Thursday, September 17, 2015

the face of acceptance, the belly of someone who likes bagels

1. embracing your wiggly kid (even if he wiggles right out of your arms)

Dash is super wiggly these days. Whereas once the edge of the changing table was a place to put diaper cream and hand sanitizer and something called “bottom spray” that is just a made-up product invented for baby registries, Dash now sees those things as clay pigeons for him to knock over with one sweep of his magnificent grabbing arm.

This guy will steal the glasses right off your face.
I imagined his near future as a wiggly bigger baby and then a wiggly, curious, running-everywhere toddler. I thought of Matea, Jamie’s year-old daughter, who is gentle and cuddly, though plenty curious as well. I thought about how it wouldn’t be hard, if you were so inclined, to mourn the not-having of a certain kind of baby. Bouncy if you wanted cuddly, cuddly if you wanted bouncy. But just as quickly I dismissed the thought. It would be so much work wishing for another kind of kid! You’d waste so much time! You’d be anxious instead of excited to see what the future held for your particular brand of kid!

This is easy for me to say, since I have a great kid (ahem). But I also know that love is what makes acceptance, is what makes your own kid seem great. A couple of years ago, when artist J. Michael Walker photographed me all bald and proudly chemo-skinny, he described the look on my face as “pure acceptance.” I laughed, because I kicked and screamed my way through cancer. Acceptance, when applied to one’s own life, always struck me as an admission of defeat—the thing that society pushed on you because it wanted you to shut up and be quiet.

Then again, acceptance can be like what Dani Shapiro describes in Devotion: After trying and trying to have a second child, she takes a good long look at her only son and thinks, This is my LIFE, and it is a joyful and obvious thought. I imagine her thinking, Oh, so I’m in the story/universe where I have one child, not the one where I have two.

2. rejecting your aspirational pants

When I can back up and see my life as a story I’m living, not one I’m writing per se, acceptance becomes the only way, even for the stubborn. Especially for the stubborn. Just as I like to get the most bang for my buck, I like to get the most out of my life, and to do so, you have to steer into the swerve sometimes. You have to fall off your bike and shout “I meant to do that!”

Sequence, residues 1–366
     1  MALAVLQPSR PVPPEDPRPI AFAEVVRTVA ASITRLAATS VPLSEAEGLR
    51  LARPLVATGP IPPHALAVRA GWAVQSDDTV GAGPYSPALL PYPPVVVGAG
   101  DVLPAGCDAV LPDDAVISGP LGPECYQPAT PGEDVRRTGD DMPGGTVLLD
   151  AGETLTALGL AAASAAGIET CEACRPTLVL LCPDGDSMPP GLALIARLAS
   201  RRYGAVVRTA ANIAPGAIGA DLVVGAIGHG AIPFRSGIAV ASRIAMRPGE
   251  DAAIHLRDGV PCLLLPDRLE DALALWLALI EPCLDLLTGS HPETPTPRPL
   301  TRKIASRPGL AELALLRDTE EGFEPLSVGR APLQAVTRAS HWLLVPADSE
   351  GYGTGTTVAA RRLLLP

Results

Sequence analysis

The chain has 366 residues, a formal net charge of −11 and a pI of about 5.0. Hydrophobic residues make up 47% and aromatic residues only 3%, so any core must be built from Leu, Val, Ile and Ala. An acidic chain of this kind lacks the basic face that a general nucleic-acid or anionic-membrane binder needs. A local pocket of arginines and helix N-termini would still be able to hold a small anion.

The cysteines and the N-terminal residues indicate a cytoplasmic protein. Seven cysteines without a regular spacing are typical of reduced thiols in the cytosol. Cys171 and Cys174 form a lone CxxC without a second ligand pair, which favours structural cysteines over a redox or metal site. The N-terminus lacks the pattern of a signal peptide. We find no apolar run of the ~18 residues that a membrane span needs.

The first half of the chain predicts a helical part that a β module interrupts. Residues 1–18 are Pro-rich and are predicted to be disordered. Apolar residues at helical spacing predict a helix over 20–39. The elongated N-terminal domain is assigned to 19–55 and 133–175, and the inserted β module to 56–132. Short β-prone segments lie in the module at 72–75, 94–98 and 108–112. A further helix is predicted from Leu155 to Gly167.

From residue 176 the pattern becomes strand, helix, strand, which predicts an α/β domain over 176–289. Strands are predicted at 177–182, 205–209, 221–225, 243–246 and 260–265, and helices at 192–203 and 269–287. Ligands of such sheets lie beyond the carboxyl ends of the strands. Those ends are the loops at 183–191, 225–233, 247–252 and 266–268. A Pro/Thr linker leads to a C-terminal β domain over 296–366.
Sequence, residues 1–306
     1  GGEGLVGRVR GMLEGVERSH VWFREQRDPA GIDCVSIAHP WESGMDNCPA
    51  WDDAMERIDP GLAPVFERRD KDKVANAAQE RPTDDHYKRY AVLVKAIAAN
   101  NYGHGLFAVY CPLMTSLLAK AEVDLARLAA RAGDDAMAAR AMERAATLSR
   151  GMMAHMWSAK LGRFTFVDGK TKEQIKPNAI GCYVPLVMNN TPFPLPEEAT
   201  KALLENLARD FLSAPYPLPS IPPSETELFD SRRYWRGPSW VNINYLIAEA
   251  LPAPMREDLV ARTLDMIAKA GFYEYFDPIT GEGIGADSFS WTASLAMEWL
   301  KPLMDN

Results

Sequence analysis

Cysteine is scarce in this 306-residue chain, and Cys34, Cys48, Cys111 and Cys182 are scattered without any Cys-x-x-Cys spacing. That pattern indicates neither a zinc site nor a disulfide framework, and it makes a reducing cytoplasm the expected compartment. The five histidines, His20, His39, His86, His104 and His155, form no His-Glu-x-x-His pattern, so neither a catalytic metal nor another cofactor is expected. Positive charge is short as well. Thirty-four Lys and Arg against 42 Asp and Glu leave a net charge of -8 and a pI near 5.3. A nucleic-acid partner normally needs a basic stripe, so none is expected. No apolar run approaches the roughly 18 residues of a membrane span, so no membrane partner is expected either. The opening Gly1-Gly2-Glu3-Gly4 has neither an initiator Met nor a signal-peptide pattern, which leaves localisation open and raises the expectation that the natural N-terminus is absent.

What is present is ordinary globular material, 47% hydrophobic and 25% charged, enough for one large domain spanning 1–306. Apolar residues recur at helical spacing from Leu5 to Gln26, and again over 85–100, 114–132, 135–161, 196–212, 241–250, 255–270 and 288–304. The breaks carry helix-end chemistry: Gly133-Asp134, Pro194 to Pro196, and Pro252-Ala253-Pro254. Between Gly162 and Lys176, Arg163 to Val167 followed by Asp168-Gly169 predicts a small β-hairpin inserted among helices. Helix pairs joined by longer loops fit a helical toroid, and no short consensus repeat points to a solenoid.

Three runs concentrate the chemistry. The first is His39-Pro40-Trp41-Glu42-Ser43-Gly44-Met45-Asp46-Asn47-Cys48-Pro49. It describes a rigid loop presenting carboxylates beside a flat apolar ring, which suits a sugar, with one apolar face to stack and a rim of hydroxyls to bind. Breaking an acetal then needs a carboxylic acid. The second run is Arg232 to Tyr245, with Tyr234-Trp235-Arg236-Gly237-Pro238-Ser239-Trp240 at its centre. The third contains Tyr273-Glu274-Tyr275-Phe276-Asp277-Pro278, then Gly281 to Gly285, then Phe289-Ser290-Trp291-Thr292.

What I’m trying to say is that—following up on a post I wrote a couple of months ago about my adoptive-mom-bod—I have decided to accept the fact that I am not an anxiety-chic size 3/4. I am a busy, chocolate-loving “American” 6/8 (meaning that before courtesy sizing, I probably would have been a 10 or 12).

Last night I purged four bags of clothes. Goodbye, butter-yellow Anthropologie pants I wore only once. Goodbye, tiny jeans I wore horseback riding in Puerto Rico. Goodbye, burgundy lace dress that demands a flat stomach.

We'll always have PR.
It hurt a little. But not that much.

It feels weird not having a semi-unachievable goal hanging over me, fucking up my otherwise nice days. I immediately logged onto Amazon and ordered a pair of Lucky Brand jeans in my current size, plus some tops for work (eBay) and some new shoes (DSW) just because. And though I still hunted down bargains, I bought brands I knew would be flattering versus the fashion fixer-uppers I’m always drawn to. (I’m the fashion equivalent of the girl who can’t stop dating alcoholic biker dudes.) It was almost as much fun as shopping for my skinny-mini body, simply because I wasn’t punishing myself.

I’ve been eating about 83% healthy with no bingeing spirals for a couple of months. I haven’t lost weight, but I do feel like I’m doing right by Dash and myself. In a way, I think my new acceptance diet thingy will actually help me, because I’m not pretending Tomorrow Will Be Different. Whatever decisions I make today—about parenting or writing or nutrition or exercise—This Is My LIFE.

I mean, this all sounds pathetically obvious. How many “Best Jeans for Every Body” articles have I read in my life? But there’s always such a huge gap between knowing something intellectually and knowing it in your now-less-visible bones. Maybe it’s just the lovely fall weather, but I feel like I’m turning a corner, and steering into it.